DeBary City Hall

In her annual State of the City address, DeBary Mayor Karen Chasez portrayed the River City as something of a cross between Mayberry and Utopia.

As DeBary prepares to celebrate its 30th anniversary of cityhood, the home of some 20,000 people and growing is making itself into an ecotourism destination, courtesy of Gemini Springs, parks, nature trails and the pending acquisition of Alexander Island fronting on the St. Johns River.  

“DeBary does not have a downtown,” Chazez told the crowd at Gateway Center for the Arts Jan. 10.

That is about to change, she promised.

Karen Chasez

The vision of Chasez and other city leaders is one of a vibrant retail-business core, with outdoor spaces for events such as concerts, art shows and farmers markets. Main Street, a public-private partnership, will be a place that will attract people who want to live, work and play in DeBary. 

Mosaic Development may break ground this spring on the Main Street project, to be located just north of the SunRail depot. The 19-acre parcel between U.S. Highway 17-92 and the SunRail/Amtrak railroad is to be a showcase of commercial, office and residential facilities that offer new employment opportunities.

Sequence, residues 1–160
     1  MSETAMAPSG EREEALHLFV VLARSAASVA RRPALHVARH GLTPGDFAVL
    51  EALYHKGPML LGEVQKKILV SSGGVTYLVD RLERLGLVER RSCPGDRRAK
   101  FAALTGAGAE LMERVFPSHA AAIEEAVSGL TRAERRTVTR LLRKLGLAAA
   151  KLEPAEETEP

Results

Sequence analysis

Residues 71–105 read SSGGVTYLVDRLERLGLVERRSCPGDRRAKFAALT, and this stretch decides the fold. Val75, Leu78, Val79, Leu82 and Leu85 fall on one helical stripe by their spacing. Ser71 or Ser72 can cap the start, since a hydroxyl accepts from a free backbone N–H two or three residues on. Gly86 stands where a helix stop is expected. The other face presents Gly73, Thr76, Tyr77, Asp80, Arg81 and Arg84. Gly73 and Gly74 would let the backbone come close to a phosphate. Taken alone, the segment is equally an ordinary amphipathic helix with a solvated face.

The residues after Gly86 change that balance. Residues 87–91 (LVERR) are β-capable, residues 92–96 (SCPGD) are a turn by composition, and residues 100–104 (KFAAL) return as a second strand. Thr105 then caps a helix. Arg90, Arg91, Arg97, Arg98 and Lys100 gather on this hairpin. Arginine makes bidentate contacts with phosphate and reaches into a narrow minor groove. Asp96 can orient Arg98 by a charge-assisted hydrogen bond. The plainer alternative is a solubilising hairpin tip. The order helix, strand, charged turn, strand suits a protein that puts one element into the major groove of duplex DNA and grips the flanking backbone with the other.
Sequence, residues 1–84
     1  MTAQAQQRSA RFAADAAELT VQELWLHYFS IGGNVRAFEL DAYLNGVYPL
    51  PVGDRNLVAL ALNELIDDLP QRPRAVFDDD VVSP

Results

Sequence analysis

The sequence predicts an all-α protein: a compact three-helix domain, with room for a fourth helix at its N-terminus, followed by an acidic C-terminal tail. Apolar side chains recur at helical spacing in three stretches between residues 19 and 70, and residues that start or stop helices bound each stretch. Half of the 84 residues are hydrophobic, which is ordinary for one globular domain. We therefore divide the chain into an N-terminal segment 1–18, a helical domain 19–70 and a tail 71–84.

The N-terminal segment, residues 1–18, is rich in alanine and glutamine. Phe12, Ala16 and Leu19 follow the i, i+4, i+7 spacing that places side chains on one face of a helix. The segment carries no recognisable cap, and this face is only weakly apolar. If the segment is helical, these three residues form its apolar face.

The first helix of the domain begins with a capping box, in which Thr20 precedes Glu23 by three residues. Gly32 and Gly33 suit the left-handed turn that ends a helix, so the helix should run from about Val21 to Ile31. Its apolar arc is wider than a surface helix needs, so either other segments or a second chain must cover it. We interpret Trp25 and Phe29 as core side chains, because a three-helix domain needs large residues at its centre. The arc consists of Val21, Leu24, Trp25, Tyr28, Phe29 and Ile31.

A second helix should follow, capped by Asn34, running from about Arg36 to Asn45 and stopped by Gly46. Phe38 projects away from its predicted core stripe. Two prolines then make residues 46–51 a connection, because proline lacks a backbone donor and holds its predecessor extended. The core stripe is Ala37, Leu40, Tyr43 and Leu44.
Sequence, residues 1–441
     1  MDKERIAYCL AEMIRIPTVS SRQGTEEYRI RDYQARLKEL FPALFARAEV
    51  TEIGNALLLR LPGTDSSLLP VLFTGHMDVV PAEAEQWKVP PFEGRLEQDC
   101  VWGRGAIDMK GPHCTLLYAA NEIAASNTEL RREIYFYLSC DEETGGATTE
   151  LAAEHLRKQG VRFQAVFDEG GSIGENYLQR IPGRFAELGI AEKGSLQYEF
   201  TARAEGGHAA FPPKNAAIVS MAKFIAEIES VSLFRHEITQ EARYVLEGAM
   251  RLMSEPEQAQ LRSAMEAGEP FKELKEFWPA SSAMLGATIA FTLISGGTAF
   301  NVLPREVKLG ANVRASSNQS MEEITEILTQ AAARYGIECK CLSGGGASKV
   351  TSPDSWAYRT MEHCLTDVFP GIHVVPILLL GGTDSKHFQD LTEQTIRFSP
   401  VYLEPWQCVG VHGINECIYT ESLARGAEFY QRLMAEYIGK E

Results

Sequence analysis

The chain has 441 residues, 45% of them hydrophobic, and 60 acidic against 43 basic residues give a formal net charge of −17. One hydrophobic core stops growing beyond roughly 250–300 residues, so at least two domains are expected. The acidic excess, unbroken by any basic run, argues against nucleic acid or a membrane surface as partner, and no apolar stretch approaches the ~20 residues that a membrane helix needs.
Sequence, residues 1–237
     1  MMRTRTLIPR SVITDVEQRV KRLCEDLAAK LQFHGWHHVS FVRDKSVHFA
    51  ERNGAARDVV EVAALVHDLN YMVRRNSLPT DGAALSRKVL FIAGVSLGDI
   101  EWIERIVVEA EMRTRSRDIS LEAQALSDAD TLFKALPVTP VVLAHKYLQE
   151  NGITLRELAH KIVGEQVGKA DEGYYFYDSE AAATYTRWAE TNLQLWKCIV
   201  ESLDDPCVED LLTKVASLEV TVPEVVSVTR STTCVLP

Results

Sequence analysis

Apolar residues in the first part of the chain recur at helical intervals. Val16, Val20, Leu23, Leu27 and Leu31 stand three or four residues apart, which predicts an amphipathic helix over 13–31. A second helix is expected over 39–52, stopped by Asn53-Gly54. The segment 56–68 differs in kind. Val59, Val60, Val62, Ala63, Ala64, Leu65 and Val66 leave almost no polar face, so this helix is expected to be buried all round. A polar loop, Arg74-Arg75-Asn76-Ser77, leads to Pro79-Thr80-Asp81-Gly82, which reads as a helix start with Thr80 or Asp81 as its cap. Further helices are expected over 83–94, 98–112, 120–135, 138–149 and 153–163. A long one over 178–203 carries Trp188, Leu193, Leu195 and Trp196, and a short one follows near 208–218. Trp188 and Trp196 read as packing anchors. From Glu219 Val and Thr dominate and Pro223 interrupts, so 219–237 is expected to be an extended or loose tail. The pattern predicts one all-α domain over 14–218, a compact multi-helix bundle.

“We are truly excited,” Chasez said.

Chasez noted, too, DeBary has the lowest property-tax rate — less than 3 mills — of any local government in Volusia County, and the city has reduced its annual stormwater assessment for homeowners and businesses.

“We truly run the government like a business,” she said.

“Making government more transparent” and “having a [city government] staff second to none,” she added, were two of her goals when she ran for mayor in 2018. Chasez was automatically re-elected mayor for another four years because no one ran against her last year.

“We eliminated a 15-year backlog of stormwater projects,” Chasez said proudly.  

DeBary thus avoided flooding woes that have afflicted other localities, following the onslaughts of hurricanes Ian and Nicole last fall.

Chasez noted, too, DeBary has a reputation of being the safest city in Volusia County. Perhaps the biggest complaint she hears from residents is speeding, and the Sheriff’s Office, with whom DeBary contracts for law-enforcement services, is working to correct that problem. 

DeBary officially became a city Dec. 31, 1993, following a referendum on incorporation earlier that year. 



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